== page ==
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Rethinking labour migration: Covid-19, essential work, and systemic resilience


Many of the ‘essential workers’ during the Covid-19 pandemic are migrants, playing an important role for the continued functioning of basic services – notably health services, social care, and food supply chains. We argue that this role should be taken into account when assessing the impacts of migrant workers and in the design of labour migration and related public policies. Existing studies highlight how the employment of migrant workers in essential services is shaped by interests of employers, sectoral policies, and national institutions. Considerations of how migrants may affect the systemic resilience of essential services – in a pandemic or similar crises – are pervasively absent, not only in policy-making but also in research. Drawing on several disciplines, we outline the concept of systemic resilience and develop implications for the analysis and regulation of labour migration. We call for shifting the focus from the role of migrants in specific occupations and sectors in particular countries to transnational systems of production and service provision. To study how migrant workers affect systemic resilience, we propose an agenda for comparative research along three lines: comparing migrants to citizens within the same system, comparing migrants’ roles across systems, and comparing strategies for resilience adopted in different systems.


In the spring and summer of 2020, the Covid-19 pandemic and associated bans on movement within and across countries led to severe labour market shocks. These included both sharp increases in labour demand (e.g. in the health sector) and reductions in labour supply (e.g. in agriculture and the care sector). In this global health emergency, the protection and maintenance of essential economic activities and public services has been a central policy challenge. Essential activities and services include sectors such as agriculture and food production, health services and social care, as well as key digital and non-digital infrastructures such as transport and logistics. Thus, Covid-19 raised and continues to raise urgent questions for research and policy about the factors that affect the (lack of) resilience of the provision of essential goods and services during both what is, at time of writing, the ongoing pandemic, and also anticipated future health shocks.

Following the outbreak of Covid-19, governments around the world instituted a range of restrictions on movement and access to workspaces. These were imposed at different times depending on the pandemic phase but between March and June of 2020, the shutdown affected most parts of the world. However, some jobs were declared ‘essential’, exempting them from the most severe restrictions; indeed in some cases governments even required certain workers to go to work. In many countries essential jobs were identified through lists published by the central government (e.g. Italy, Spain, Mozambique, Brazil and the United Kingdom) or at state level (e.g. Germany and the United States). These lists varied considerably in form and level of detail, but there were some goods and services that were common to lists across countries and states, including food provision, health and some care services.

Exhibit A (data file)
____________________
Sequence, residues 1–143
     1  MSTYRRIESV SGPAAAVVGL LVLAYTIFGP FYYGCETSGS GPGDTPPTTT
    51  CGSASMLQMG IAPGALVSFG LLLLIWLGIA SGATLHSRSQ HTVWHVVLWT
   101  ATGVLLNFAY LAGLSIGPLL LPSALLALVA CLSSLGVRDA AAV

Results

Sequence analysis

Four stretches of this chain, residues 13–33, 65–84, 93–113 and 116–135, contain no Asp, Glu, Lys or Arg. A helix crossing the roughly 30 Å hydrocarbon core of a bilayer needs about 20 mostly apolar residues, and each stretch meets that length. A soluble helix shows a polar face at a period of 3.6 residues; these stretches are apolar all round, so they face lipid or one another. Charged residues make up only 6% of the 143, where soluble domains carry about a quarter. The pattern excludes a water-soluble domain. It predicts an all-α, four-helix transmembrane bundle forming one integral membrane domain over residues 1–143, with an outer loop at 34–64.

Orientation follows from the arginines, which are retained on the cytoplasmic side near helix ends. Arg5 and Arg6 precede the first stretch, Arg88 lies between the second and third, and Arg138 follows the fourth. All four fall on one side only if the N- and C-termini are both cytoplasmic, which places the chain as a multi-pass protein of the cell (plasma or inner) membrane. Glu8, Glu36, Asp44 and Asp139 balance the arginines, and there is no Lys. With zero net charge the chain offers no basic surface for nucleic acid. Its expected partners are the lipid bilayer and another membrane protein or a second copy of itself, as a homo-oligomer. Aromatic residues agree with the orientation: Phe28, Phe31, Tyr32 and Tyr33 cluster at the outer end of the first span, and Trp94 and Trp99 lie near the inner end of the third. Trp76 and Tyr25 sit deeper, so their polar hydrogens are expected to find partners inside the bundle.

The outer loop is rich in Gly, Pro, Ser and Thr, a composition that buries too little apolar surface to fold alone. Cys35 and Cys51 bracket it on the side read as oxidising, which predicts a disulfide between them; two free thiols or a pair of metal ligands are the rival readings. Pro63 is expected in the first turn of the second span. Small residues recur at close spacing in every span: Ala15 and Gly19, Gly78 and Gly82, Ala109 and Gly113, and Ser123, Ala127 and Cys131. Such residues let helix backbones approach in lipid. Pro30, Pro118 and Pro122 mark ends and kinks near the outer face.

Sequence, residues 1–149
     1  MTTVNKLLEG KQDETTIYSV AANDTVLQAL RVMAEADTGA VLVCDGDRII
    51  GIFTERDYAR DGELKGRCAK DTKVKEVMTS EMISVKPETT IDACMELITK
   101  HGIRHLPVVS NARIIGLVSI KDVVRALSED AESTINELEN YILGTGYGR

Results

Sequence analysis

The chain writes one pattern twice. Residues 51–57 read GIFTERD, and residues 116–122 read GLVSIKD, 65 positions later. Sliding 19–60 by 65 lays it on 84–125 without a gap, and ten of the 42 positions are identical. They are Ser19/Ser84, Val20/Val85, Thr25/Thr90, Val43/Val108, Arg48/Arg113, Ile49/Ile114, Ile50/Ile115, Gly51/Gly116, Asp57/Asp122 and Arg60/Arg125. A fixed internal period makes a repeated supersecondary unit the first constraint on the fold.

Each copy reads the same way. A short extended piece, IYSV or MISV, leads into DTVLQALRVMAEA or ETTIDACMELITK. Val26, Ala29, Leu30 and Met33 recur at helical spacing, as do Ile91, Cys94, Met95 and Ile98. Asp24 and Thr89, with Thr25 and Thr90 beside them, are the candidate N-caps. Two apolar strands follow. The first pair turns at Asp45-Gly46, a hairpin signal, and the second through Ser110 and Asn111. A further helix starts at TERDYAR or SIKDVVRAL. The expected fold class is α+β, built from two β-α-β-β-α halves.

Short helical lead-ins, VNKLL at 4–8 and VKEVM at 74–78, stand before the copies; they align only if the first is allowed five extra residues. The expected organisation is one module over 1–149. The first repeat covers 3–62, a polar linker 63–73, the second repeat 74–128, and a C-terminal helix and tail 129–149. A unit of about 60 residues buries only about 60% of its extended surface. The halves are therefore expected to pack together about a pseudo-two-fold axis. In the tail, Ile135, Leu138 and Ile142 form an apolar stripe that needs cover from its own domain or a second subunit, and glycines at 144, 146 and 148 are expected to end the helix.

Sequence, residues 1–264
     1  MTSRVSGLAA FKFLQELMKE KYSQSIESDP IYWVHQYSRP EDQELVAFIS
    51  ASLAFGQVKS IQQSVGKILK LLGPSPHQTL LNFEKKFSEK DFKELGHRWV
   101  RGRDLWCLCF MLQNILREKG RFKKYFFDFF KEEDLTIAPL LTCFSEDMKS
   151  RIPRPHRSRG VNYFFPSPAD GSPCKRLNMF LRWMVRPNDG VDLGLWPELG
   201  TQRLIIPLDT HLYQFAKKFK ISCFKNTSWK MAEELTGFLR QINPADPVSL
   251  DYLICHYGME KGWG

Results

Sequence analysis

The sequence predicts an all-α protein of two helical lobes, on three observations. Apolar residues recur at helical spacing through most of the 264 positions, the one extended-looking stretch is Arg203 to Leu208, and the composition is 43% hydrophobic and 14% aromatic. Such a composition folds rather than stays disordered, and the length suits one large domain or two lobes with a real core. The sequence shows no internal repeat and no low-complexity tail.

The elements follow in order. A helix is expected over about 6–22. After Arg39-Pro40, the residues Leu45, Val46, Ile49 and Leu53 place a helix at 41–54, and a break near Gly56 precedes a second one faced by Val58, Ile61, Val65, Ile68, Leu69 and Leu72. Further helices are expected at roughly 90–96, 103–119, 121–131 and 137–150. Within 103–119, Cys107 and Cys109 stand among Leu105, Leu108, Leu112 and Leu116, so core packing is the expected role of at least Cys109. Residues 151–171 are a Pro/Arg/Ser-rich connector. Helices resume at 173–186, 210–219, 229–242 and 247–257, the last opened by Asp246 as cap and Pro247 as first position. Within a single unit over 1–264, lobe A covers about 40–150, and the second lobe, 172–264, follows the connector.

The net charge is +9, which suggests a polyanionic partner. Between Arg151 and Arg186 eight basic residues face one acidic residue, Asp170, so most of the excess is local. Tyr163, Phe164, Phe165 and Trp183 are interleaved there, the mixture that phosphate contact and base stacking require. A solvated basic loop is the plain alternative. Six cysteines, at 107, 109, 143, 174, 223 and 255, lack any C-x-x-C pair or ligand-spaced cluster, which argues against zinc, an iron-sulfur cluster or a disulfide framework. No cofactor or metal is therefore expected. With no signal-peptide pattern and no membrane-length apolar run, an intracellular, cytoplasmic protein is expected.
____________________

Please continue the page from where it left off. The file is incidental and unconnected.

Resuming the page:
In many high-income countries, ‘migrants’ account for substantial shares of employment in sectors designated essential and therefore they often represented a substantial proportion of those designated ‘essential workers’ or ‘key workers’ (e.g. Fasani & Mazza, 2020; Fernández-Reino et al., 2020; Gelatt, 2020; OECD, 2020a). In this context, by ‘migrant’ we mean non-citizens who are subject to immigration controls, or who may be legitimately refused entry in exceptional circumstances (e.g. EU citizens, who are not subject to immigration controls but whose free movement between EU member states was curtailed during pandemic restrictions). Essential workers included migrants typically considered ‘low-skilled’ such as crop pickers, food processors, care assistants, and cleaners in hospitals. States in the Global North sought to protect, and in some case even expand the supply of such workers during the health emergency. For example: the Italian government granted temporary legal status to migrants employed irregularly in agriculture and the care sector in spring 2020; the United Kingdom announced the automatic extension of visas of migrant doctors, nurses, and paramedics; Austria and Germany exempted migrants working on farms and in care homes from international travel bans; in the United States, while normal consular operations were suspended, foreign farm workers were still permitted to apply for and receive work visas (OECD, 2020a). Such measures were widely accepted as pragmatic responses to Covid-19, but they raise important questions about the role of migrants in national labour markets. Whether, why, and to what extent migrant workers are ‘needed’ to reduce labour and skills shortages in essential services are questions that have been the subject of research in recent years. What Covid-19 invites us to consider is migrants’ role in ensuring longer-term resilience of essential services.